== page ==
COVID in a Cat
The SARS-CoV-2 virus has infected a wide variety of animal species, both domestic and wild, since it was identified in 2019. There was concern that spreading the virus to other species could lead to new mutations and even harmful new variants.
Researchers at the University of Pennsylvania School of Veterinary Medicine and School of Medicine discovered that in at least one clear case of interspecies transmission, crossing the species line did not confer significant mutations on the virus.
Writing in the Viruses newsletter, scientists described a domestic cat that contracted the SARS-CoV-2 delta variant from a caregiver and was treated at Pennsylvania Veterinary College Hospital. The complete genome sequencing conducted on the virus closely matched viral sequences circulating in people in the Philadelphia area at the time.
“SARS-CoV-2 seriously has an incredibly wide host range,” says veterinarian Elizabeth Lennon, senior author of the study and assistant professor at the Pennsylvania School of Veterinary Medicine. “What this means to me is; “As SARS-CoV-2 continues to dominate the human population, we need to keep track of what’s happening in other animal species.”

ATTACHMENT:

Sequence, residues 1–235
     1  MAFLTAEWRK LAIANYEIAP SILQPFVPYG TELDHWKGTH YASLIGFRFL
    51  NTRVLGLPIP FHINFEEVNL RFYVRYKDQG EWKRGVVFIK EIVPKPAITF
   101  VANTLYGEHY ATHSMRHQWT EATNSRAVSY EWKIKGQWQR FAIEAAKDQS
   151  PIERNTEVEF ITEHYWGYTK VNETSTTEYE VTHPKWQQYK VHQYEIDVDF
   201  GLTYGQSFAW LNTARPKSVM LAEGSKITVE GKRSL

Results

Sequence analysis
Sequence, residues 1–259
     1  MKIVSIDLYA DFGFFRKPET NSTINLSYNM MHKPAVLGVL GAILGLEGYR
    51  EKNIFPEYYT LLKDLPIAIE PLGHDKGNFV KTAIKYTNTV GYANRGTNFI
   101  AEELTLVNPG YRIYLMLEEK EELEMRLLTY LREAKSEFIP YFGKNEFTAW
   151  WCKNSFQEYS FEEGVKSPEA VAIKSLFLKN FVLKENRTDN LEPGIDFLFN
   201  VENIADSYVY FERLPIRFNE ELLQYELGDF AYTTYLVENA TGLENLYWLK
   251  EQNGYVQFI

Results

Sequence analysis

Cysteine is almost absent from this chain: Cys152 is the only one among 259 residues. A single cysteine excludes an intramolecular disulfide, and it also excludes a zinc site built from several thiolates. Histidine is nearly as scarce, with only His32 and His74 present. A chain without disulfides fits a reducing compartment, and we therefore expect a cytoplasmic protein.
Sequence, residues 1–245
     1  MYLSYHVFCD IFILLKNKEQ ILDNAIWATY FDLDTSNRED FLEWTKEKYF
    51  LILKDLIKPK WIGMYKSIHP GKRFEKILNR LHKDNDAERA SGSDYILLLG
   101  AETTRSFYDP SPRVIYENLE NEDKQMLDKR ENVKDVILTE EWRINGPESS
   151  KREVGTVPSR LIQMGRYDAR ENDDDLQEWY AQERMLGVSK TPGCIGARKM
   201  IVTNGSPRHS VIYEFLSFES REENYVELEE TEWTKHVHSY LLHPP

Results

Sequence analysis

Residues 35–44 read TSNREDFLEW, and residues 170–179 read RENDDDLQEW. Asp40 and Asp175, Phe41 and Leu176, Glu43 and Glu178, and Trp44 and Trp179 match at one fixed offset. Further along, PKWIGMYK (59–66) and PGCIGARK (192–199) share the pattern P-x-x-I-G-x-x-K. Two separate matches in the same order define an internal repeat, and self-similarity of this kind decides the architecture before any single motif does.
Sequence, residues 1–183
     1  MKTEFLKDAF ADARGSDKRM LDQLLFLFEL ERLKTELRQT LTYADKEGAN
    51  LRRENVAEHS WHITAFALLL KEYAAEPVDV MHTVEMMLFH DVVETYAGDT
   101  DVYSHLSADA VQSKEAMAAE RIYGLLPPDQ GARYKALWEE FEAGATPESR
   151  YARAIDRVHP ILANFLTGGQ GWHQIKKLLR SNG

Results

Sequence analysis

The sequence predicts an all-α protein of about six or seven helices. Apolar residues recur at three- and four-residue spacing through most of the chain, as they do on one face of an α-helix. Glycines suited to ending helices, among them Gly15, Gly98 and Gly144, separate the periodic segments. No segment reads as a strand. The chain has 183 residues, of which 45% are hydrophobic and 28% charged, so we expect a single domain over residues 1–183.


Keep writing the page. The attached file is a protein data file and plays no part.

The findings are the first published example of a delta variant occurring in a domestic cat in the United States. Another important point is that the infection in the cat was determined only by the stool test. The swab taken from the nose did not give a positive result in the test.
“This highlights the importance of sampling from multiple body sites,” Lennon says. “We wouldn’t be able to detect the virus if we just took a nasal swab.”
Lennon and his colleagues had been searching for SARS-CoV-2 by sampling cats and dogs since the early days of the epidemic. This particular cat, an 11-year-old female, was brought to the faculty hospital with gastrointestinal symptoms in September. The cat was exposed to its owner who had COVID-19, but the owner was isolated from the cat for 11 days before the cat arrived at the hospital. During this period, someone else in the house took care of the cat.